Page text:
by K. Marc Teffeau, Ph.D.
As the Worm Turns The other day, my wife Linda and I got into a discussion about earthworms. I do not remember what prompted the topic, probably something obtuse or unrelated to the subject. But anyway, being the erudite literary fellow that I am, an Emily Dickinson poem came to mind, the first verse being: A bird came down the walk: He did not know I saw; He bit an angle-worm in halves And ate the fellow, raw.
garden soil. From the research that I have read, according to zoologists, most earthworms that were native to North America are thought to be extinct. It is assumed that any native populations were wiped out by the last Ice Age. So where did these soil digesters come from? The most common explanation is that they were introduced from Europe during colonial times through soil in potted plants and from soil used as ballast in the sailing ships. There are approximately 2,700 species of earthworms. The two most common species in the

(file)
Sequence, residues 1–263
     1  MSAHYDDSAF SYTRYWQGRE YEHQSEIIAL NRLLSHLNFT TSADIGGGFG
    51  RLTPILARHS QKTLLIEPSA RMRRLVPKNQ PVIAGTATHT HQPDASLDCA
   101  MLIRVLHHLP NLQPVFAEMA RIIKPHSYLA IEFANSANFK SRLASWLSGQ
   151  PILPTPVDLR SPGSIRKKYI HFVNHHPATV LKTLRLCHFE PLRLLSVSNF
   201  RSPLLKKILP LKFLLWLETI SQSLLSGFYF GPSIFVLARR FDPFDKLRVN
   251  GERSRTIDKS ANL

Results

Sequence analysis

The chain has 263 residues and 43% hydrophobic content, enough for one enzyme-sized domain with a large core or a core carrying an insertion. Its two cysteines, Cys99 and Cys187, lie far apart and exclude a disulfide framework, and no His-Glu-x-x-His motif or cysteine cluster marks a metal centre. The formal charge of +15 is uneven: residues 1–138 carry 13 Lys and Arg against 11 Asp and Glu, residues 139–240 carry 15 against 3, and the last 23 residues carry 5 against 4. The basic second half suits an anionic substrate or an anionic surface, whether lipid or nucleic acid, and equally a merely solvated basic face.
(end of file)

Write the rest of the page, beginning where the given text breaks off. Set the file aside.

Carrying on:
I used to quote this to my sons to gross them out. If we think about it for a minute, though, the rather mundane, shall I say â€œearthy,â€? subject of earthworms can be rather fascinating. We gardeners tend to take these soil-dwelling creatures for granted, but, like the other soil flora and fauna, these wiggly soil residents are both indicators of soil quality and contributors to a productive 85